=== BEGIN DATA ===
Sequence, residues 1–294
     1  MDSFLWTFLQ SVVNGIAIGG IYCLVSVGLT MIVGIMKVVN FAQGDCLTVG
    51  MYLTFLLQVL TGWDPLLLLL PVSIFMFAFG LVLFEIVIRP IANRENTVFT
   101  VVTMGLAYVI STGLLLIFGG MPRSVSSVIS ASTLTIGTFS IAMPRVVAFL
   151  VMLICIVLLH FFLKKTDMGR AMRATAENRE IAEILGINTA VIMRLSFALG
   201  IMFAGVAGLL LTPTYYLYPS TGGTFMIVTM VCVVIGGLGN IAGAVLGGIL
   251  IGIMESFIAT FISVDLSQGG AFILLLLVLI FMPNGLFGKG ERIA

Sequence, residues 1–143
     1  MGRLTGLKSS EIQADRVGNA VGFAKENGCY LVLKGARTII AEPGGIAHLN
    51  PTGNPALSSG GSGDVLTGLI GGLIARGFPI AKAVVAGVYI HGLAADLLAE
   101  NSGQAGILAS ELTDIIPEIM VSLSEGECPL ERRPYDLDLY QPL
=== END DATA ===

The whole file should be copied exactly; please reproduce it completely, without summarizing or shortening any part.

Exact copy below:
Sequence, residues 1–294
     1  MDSFLWTFLQ SVVNGIAIGG IYCLVSVGLT MIVGIMKVVN FAQGDCLTVG
    51  MYLTFLLQVL TGWDPLLLLL PVSIFMFAFG LVLFEIVIRP IANRENTVFT
   101  VVTMGLAYVI STGLLLIFGG MPRSVSSVIS ASTLTIGTFS IAMPRVVAFL
   151  VMLICIVLLH FFLKKTDMGR AMRATAENRE IAEILGINTA VIMRLSFALG
   201  IMFAGVAGLL LTPTYYLYPS TGGTFMIVTM VCVVIGGLGN IAGAVLGGIL
   251  IGIMESFIAT FISVDLSQGG AFILLLLVLI FMPNGLFGKG ERIA

Sequence, residues 1–143
     1  MGRLTGLKSS EIQADRVGNA VGFAKENGCY LVLKGARTII AEPGGIAHLN
    51  PTGNPALSSG GSGDVLTGLI GGLIARGFPI AKAVVAGVYI HGLAADLLAE
   101  NSGQAGILAS ELTDIIPEIM VSLSEGECPL ERRPYDLDLY QPL